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Work Update

Home Remedies! Integrated Pest Management Strategies.

by
Isaac Crawford
Isaac Crawford | Jul 26, 2017 | in Agriculture Assessment

Summary

 

The idea focuses on addressing over reliance and over use of pesticides by farmers in Malawi. It aims to limit the input costs of smallholder farmers with already restricted amounts of disposable income by allowing them to utilize the crops in which they are using for Integrated Pest Management (IPM). This utilization will come through household, individual production of natural pesticides such as rapeseed oil and tomato leaf oil sprays.

 

Current Issue With Pesticide Usage

 

Most Malawian smallholder farmers spend around half of their input costs on pesticides, though many of these farmers still report year round pest issues. This indicates problems surrounding the heavy application of chemical pesticides in Malawi and its ineffectiveness. 

 

Farmers bulk buy their pesticides at the beginning of the growing season, while unaware of how much they will actually require. These farmers are then often left requiring more pesticide if there is a particularly large pest issue, such as in the last few years. Due to the farmers having little to no income to spare on additional farming resources, their crops are then left and destroyed by pests.

 

The Idea

 

The idea is to be adapted in the testing phases of the Experimental Farm, while also being encouraged towards farmers already growing these certain crops. The idea is to encourage smallholder farmers implementing IPM in Malawi with crops such as Rapeseed and Mustard seed, to harvest these crops and make homemade insecticides as a secondary defence mechanism against pests.

 

Mustard and Rape are both members of the Brassicaceae family. This family of crops contains a chemical called glucosinolates, which have been proven to contribute to plant defence against pests such as moths, and diseases. Thus when these crops are sown between other more major crops such as Maize, they naturally deter pests defeating the need for chemical pesticides.

 

However these plants can provide a secondary and shorter term focused solution. Mustard and Rape are both consumed mainly for their leaves, and are also commonly left to grow out entirely to leave seeds for the following season. However these crops can provide a secondary use as an insecticide when the oils of their seeds are extracted.  Glucosinolates are water-soluble meaning the organic compounds that deter pests can be leached into water when heated, additionally the seeds can be crushed to release the necessary oils when mixing the oils with water an effective insecticide is created.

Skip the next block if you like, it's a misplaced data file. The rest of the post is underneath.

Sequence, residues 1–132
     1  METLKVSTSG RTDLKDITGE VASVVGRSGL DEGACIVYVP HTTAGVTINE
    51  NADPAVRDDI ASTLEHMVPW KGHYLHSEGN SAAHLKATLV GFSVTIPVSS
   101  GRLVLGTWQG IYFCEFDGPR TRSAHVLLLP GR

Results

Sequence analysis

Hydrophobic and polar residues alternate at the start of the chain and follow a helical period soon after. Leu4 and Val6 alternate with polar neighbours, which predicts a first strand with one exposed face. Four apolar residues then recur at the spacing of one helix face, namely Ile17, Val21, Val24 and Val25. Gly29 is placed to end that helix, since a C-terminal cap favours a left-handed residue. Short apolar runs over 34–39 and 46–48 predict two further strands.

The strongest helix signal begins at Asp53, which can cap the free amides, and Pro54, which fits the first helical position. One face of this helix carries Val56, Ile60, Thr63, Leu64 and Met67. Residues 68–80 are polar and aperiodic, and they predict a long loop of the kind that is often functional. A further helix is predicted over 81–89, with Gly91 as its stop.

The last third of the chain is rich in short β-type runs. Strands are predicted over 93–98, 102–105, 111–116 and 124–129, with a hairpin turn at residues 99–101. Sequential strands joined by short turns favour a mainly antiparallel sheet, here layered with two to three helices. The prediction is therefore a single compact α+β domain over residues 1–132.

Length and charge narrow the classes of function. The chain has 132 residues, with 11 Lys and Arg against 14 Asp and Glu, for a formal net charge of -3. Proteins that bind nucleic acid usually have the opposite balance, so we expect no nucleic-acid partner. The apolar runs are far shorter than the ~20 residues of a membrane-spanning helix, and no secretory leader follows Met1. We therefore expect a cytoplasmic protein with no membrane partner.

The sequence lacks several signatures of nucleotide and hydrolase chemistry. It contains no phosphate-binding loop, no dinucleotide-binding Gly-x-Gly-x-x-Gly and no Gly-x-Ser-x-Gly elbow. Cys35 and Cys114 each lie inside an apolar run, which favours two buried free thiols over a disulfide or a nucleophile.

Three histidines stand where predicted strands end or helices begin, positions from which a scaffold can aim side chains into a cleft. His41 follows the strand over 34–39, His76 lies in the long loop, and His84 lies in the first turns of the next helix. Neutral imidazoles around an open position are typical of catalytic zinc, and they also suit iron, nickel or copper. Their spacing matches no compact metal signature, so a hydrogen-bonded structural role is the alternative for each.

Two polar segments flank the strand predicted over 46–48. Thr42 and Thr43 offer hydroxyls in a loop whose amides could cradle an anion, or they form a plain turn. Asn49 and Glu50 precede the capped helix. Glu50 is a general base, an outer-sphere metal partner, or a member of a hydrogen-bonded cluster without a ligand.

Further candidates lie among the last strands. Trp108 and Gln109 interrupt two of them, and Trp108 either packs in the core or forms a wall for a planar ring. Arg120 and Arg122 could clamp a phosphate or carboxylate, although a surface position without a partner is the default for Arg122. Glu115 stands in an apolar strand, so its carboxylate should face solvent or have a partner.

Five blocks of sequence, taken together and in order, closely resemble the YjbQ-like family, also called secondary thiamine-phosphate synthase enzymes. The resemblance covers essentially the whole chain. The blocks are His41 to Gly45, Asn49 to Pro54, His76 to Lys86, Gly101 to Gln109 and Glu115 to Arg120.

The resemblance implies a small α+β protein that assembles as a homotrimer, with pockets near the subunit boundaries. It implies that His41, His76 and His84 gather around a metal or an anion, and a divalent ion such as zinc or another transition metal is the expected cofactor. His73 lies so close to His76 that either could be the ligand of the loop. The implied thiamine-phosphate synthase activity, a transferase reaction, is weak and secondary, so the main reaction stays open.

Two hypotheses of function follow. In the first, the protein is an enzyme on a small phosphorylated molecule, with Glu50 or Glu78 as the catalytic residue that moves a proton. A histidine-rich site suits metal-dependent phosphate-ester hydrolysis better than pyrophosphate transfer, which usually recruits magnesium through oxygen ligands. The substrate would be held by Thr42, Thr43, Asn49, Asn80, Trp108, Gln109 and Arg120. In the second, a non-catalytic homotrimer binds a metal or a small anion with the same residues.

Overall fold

This could be something to consider in future as it will not only limit input costs for smallholder farmers, but it will also create more adaptability to pest issues as they will not need to bulk buy pesticides before the season begins. Instead, they will be able to make oils and sprays as the season goes on in accordance with influx and declines of pests. There also several other crops such as garlic and tomato leaves that can be mixed with water to make insect repellents and insecticides. Comments about the plausibility and execution of this are most welcome!

Tagged users

Andrew Vild Jul 27, 2017

Great idea, the obvious reason this isn't being adapted is lack of knowledge around the topic. I would also be interested to see the % effectiveness of this method vs. chemical pesticides. It sounds like an experiment for the summer period that would result in a nice and simple SOP for farmers who don't know how to practice this natural pesticide solution.

I'm sure it would also work in well with Roya's post on Push-Pull Pest Management.

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Isaac Crawford Jul 27, 2017

It can definitely be utilised in Roya's push-pull system and once taught to farmers, should be a relatively straightforward process to continue. The
crops used for the push-pull have the potential to be adapted to make these home-made insecticides.

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Roya Ghodsi Jul 27, 2017

I like how this idea does not require the introduction of a new crop, but maximises use of crops already grown by these farmers. This means this method can be far more easily integrated into the local farming culture as it does not disrupt current practices.
Interestingly, rape seed also offers multiple other benefits - one of which is that it can be planted as a 'cover crop' to contribute to the protection and enrichment of the soil. It provides good soil cover to prevent soil erosion, produces large amounts of biomass, suppresses weeds, and can improve soil tilth with its root system. This, in addition to its value as a natural pesticide, would make it a valuable component of the Experimental Farm.

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Amber Johnston 8 months ago

Status label added: Work Update

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